Disclosure: This post is an entry for BritMums Rustlers Burger Hacking Challenge, sponsored by Rustlers 

Friday, 9 February 2018

Movies, music and Meena Kumari.

It's been a bit quiet over here in chocolate towers. Can you imagine that, towers made of chocolate - how fantastic would that be ? Anyway, I digress. I've been taking a break to grieve and process loss and spending time supporting my late friend's widower and her gorgeous son. By the time it gets to the evening - when I usually do my blogging and radio editing stuff - I am so shattered I've been going to bed early. I was over there the other day talking to J about his many visits to India and how much he loves it there. As I drove home I thought about the music and movies I grew up with that were my earliest introduction to my indian heritage. 

Pakeezah: Haunting vinyl memories

From an early age my parents would play indian music on the record player and often it was religious music that I recognised from going to the temple. The other music was from classic movies like Pakeezah which I wasn't allowed to watch because of the morose storyline - it is the tale of a courtesan who falls in love with a man who tries to save her from her miserable life as far as I can tell. Instead my father would tell me all about the beautiful star Meena Kumari who died of cancer during the making of the film so there are scenes where a body double posed as her so the film could be completed. The songs from this film are haunting, but also wonderful and I recall singing this because it was the only one I knew the words to.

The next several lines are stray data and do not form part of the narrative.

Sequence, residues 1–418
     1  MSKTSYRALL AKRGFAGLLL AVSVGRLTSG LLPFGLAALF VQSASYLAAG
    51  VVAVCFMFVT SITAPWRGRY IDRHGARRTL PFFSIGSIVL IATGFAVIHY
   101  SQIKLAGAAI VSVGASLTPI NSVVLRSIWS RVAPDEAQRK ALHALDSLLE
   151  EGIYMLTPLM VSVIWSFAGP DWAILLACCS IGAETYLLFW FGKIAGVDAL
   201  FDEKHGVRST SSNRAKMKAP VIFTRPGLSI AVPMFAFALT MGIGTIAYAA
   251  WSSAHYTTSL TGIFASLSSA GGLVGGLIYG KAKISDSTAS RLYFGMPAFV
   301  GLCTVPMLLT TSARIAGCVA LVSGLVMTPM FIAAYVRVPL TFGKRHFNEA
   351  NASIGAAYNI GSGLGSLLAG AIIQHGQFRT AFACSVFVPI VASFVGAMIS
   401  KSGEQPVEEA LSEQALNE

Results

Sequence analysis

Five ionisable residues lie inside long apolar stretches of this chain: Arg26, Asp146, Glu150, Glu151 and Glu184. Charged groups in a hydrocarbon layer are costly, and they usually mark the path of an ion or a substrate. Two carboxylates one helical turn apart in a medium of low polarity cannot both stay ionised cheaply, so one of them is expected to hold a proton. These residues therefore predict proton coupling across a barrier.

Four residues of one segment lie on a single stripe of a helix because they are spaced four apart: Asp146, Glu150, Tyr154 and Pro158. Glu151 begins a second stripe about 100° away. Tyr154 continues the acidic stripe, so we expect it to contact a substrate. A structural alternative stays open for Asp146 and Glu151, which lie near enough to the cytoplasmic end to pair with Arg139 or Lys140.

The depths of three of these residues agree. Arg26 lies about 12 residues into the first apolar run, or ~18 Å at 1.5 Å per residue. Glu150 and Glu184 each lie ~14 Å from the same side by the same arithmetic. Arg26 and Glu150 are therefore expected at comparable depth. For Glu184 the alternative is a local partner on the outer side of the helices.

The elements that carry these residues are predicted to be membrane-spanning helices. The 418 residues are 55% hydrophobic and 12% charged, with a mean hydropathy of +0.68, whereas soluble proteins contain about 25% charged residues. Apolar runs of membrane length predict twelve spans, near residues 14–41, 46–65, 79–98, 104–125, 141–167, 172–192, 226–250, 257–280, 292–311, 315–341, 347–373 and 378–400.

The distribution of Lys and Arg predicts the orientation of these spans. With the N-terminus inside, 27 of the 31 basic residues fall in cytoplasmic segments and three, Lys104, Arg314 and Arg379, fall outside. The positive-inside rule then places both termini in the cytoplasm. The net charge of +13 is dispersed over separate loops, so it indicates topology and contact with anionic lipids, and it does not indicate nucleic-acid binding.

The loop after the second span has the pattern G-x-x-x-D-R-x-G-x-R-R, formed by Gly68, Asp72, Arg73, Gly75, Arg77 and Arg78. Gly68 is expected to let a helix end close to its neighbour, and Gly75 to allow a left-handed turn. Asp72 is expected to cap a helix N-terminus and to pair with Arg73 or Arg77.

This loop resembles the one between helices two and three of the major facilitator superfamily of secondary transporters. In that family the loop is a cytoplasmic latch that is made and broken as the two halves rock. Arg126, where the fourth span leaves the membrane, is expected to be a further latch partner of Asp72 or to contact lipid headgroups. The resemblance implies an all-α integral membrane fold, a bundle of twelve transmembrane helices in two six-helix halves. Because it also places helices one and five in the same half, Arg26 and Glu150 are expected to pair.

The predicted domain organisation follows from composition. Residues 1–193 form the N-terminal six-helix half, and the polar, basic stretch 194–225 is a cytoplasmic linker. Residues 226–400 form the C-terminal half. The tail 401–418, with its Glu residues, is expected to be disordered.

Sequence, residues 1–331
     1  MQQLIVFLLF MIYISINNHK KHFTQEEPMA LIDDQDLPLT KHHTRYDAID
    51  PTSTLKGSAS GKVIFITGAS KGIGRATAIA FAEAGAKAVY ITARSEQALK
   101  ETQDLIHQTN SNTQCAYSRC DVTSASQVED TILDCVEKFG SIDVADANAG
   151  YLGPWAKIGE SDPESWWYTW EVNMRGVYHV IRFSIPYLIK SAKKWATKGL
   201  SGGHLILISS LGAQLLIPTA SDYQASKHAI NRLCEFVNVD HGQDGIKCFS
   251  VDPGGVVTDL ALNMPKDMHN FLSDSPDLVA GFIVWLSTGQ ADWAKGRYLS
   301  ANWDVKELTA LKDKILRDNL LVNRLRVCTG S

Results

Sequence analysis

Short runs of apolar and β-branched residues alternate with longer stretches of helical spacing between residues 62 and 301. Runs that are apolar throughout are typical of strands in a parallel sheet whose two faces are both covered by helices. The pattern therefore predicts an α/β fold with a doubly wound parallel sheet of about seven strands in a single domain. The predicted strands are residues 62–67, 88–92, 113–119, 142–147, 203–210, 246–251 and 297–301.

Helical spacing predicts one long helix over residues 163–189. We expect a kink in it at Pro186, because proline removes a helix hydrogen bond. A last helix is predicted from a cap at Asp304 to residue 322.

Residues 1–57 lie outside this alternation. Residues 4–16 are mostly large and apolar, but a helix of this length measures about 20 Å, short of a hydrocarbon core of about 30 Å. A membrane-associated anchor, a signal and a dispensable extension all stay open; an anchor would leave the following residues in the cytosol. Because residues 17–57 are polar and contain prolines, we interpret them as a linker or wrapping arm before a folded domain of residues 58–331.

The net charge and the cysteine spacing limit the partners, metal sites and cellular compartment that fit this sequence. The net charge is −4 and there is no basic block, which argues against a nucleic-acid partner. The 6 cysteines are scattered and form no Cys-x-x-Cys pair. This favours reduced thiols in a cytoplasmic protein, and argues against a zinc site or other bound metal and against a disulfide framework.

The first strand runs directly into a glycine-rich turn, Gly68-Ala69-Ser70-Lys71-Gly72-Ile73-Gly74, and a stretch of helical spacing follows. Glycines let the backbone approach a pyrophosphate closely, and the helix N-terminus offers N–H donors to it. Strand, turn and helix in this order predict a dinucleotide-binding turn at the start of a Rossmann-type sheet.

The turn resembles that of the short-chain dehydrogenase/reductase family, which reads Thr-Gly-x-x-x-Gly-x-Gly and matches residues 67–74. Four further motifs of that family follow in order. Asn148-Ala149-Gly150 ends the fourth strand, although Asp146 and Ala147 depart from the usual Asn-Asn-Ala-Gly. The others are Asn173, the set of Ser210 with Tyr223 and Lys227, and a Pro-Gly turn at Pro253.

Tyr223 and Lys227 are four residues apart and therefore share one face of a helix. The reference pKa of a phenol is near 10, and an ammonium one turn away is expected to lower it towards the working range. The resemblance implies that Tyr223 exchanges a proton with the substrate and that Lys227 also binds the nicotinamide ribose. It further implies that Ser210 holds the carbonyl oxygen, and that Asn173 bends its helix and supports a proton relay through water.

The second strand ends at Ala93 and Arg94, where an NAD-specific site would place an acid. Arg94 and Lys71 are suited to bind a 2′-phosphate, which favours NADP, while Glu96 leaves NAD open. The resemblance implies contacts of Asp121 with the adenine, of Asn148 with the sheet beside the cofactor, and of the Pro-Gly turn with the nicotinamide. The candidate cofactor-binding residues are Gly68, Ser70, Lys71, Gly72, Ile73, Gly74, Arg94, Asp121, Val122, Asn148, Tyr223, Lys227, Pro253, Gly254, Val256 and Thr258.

Kabhi Kabhi: The eternal love story.

The film star Shashi Kapoor died a while back. He was from an acting dynasty in India that continues to produce stunning looking actors. In our house he was known for being Felicity Kendall's brother in law and he was in a few Merchant and Ivory films too. When my sister was little she loved dancing on the sofa to Bollywood movies (not that we called them that back then of course) and couldn't say the names of actors so she called them all 'Shee Kapoor.' I first saw him in this classic love story about lovers meeting again years after they broke up when they are with new partners. It now has added poignancy as this song was played at the funeral of one of my Mum's friends.

Sholay: The buddy movie western. 

When I was at primary school we lived next door to an indian family whose older son was called Darminder - apparently because his mother loved the movie star of the same name. We used to walk to school with their children and one morning we knocked on the door to call for them and were told they weren't going in that day. We later found out he had died of a brain haemorrhage completely unexectedly. His movie star namesake was in this buddy movie with Amitabh Bachan - the most famous indian actor of all time pretty much - and it's a classic. It is a western with bollywood dance sequences, a cartoon bad guy and spectacular scenery. If this song doesn't make you smile, well you are made of stone ! 

Namak Halal: Eighties glamour personified.